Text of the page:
Haas NewsWire

Haas NewsWire, July 7, 1999

Computer Center To Undergo Customer-Oriented Reorganization; Web and AV/Media    Services to Become Independent Units
MBA Admissions Office Is Reorganizing and Admission Strategy to be Studied
New Program Manager Joins Center for Executive Development
Kehong Wen Wins 1998-99 Hayase Award for Ph.D. Excellence
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The Haas School's Computer Center is reorganizing to streamline its operations and become more customer oriented, according to Jay Stowsky, associate dean for school affairs and initiatives. As part of the reorganization, Web Services will be split off from the Computer Center to report to the executive director for marketing and communications, Rich Kurovsky, and Classroom AV and Media Services will split off to report to the associate dean for budget & operations, Teresa Costantinidis. Computing Services will also report to Costantinidis.

The reorganization coincides with the departure of Richard Henderson, the director of Haas Computing Services since 1992. Henderson's departure, for a position at the University of the South in Tennessee, was announced last week. Zane Cooper has been named acting director as a national search gets underway for Henderson's permanent successor.

According to Stowsky, the Computer Center's customer service operation will be restructured into three teams, each serving a specific set of Haas customers: (1) students, (2) faculty and Ph.D. students, and (3) program offices and administrative units (including alumni relations and executive development). Each customer-specific team will consist of an assistant director for support and development, dedicated support staff to respond to routine service requests, and dedicated development staff to work on major projects. For each customer team, the assistant director will serve as the main point of contact between customers and the computer center.

A fourth team, headed by Associate Director Mike Pivonka, will focus on supporting and upgrading back-end systems and sustaining general infrastructure needs of the school, including the network and server hardware, software, installation, and maintenance.

Routine customer requests for technical support will continue to be routed through the HelpDesk, and front desk staff will continue to serve students using the computer labs. However, the Haas School will install new software to facilitate the management of HelpDesk requests. In the future, Haas customers -- faculty, students, and staff -- will be able to view the status of HelpDesk requests by logging on to the Computer Center web site.

All significant project requests, defined initially as projects likely to take more than 40 hours of computer center staff time to complete, will require a special proposal to be sent to the assistant director of the appropriate customer service team. Project proposals will follow a software-assisted planning and management process, including projected cost, required staff time, and timelines to completion. Significant project proposals will be reviewed by one or more of three new customer-specific computer center advisory committees, depending on the scope of the project, to provide rankings and make recommendations to the Dean's Council. The Dean's Council will decide how to allocate the school's computing budget among these rank-ordered proposals.

Stowsky, Costantinidis, Henderson, Cooper, and Pivonka have been reviewing a backlog of several hundred project requests (including requests for upgraded web and classroom AV/media services, which will now be handled by the new independent units). The review team has established criteria for rank-ordering projects retroactively and will be establishing a process for assigning highly ranked projects for completion.

All funded computer projects (with associated completion timelines) and all proposed projects will be posted on the Computer Center web site. Projects will be categorized as either Infrastructure or Customer Applications projects, allowing members of the Haas community to see which projects are under way as well as the current allocation of projects across units and customer groups. Major new policy or proposed changes will also be reviewed by the three advisory committees and the Dean's Council, and final policies will be posted on the Computer Center web site.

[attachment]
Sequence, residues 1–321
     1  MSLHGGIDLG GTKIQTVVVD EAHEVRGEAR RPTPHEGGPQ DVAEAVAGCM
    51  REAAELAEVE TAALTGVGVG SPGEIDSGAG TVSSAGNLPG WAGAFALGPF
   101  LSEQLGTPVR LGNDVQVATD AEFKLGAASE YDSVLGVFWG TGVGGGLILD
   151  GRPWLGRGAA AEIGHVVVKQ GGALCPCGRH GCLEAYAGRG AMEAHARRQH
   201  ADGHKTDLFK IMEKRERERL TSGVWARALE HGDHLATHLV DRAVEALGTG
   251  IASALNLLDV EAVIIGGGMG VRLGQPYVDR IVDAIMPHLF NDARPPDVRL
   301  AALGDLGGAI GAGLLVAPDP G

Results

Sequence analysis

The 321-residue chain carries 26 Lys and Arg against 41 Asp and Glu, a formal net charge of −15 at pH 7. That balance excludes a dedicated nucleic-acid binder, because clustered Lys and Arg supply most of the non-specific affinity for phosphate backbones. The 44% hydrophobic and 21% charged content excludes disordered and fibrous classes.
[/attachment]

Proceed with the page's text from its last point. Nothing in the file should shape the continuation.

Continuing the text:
Finally, the three advisory committees will be working with Computer Center staff to develop a set of service-level agreements (SLA's). SLA's serve to spell out the responsibilities and commitments of both the Computer Center and its customers with respect to all computing services provided at Haas. These service-level agreements will also be posted on the Computer Center web site.

Details on the reorganized Web Services and AV/Media Services units will be provided in an upcoming issue of the Haas Newswire.

In order to effect all of these organizational changes, the school is creating several new positions, while restructuring others. It is also pursuing efforts to upgrade the status and technical training of all computer, web, and media services staff. This is a large task and, according to Stowsky and Costantinidis, will likely take all of the summer and part of the fall to complete.

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The Haas School is reviewing its admissions strategy for the full-time MBA program, and the MBA admissions office has been reorganized to better serve prospective students, according to Jay Stowsky, associate dean for school affairs and initiatives.

Dean Tyson has named Professor Kenneth Rosen to head a new faculty task force to review Haas MBA Admissions Strategy. The group will meet over the summer and present a report to the dean early in the fall. It includes faculty members Jennifer Chatman, Peter DeMarzo, Rashi Glazer, Jonathan Leonard, and Rich Lyons. Associate deans Andy Shogan and Stowsky will serve as ex-officio members, and Richard Kurovsky, executive director of marketing & communications, will staff the group.

At the same time, the MBA admissions staff is being reorganized, with Alison Jenkins and Robin Drouin being named co-directors of the office, joining fellow co-director Fran Hill to comprise a new three-member admissions team. Jenkins and Drouin were previously associate directors of MBA admissions. Diane Lopez has been promoted to manager of the MBA admissions staff. All four will report to the new executive director of MBA admissions and career services, a position that was created earlier this year.

A nationwide search for the new executive director is well under way, with candidate interviews slated for June and July, according to Stowsky. The executive director will oversee the input and output of the MBA program -- admissions and career placement. By combining these two functions, the school expects to enhance its strategy for targeting applicants who will be successful both in the classroom and in the job market.